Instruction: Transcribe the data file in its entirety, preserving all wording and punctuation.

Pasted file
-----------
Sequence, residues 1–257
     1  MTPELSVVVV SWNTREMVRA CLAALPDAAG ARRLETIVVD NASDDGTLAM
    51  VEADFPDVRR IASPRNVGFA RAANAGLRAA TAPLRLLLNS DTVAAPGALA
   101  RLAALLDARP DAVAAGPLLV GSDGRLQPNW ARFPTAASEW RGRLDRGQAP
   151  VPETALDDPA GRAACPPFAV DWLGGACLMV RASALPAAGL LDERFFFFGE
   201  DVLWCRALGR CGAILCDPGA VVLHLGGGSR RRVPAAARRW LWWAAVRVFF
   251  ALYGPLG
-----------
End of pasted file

Sequence, residues 1–257
     1  MTPELSVVVV SWNTREMVRA CLAALPDAAG ARRLETIVVD NASDDGTLAM
    51  VEADFPDVRR IASPRNVGFA RAANAGLRAA TAPLRLLLNS DTVAAPGALA
   101  RLAALLDARP DAVAAGPLLV GSDGRLQPNW ARFPTAASEW RGRLDRGQAP
   151  VPETALDDPA GRAACPPFAV DWLGGACLMV RASALPAAGL LDERFFFFGE
   201  DVLWCRALGR CGAILCDPGA VVLHLGGGSR RRVPAAARRW LWWAAVRVFF
   251  ALYGPLG